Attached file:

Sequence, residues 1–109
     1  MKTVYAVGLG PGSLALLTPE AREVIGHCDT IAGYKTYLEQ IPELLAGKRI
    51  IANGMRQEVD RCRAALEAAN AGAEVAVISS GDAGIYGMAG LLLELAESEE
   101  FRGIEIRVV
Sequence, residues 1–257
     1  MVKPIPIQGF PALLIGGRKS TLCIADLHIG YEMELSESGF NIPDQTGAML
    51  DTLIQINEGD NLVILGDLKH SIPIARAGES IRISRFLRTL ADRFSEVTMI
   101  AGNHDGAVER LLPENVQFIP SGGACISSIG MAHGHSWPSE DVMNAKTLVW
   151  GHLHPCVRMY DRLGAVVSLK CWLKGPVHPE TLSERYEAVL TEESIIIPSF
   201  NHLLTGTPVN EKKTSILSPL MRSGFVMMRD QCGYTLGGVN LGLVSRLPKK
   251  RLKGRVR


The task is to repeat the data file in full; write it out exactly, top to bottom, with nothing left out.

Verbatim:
Sequence, residues 1–109
     1  MKTVYAVGLG PGSLALLTPE AREVIGHCDT IAGYKTYLEQ IPELLAGKRI
    51  IANGMRQEVD RCRAALEAAN AGAEVAVISS GDAGIYGMAG LLLELAESEE
   101  FRGIEIRVV
Sequence, residues 1–257
     1  MVKPIPIQGF PALLIGGRKS TLCIADLHIG YEMELSESGF NIPDQTGAML
    51  DTLIQINEGD NLVILGDLKH SIPIARAGES IRISRFLRTL ADRFSEVTMI
   101  AGNHDGAVER LLPENVQFIP SGGACISSIG MAHGHSWPSE DVMNAKTLVW
   151  GHLHPCVRMY DRLGAVVSLK CWLKGPVHPE TLSERYEAVL TEESIIIPSF
   201  NHLLTGTPVN EKKTSILSPL MRSGFVMMRD QCGYTLGGVN LGLVSRLPKK
   251  RLKGRVR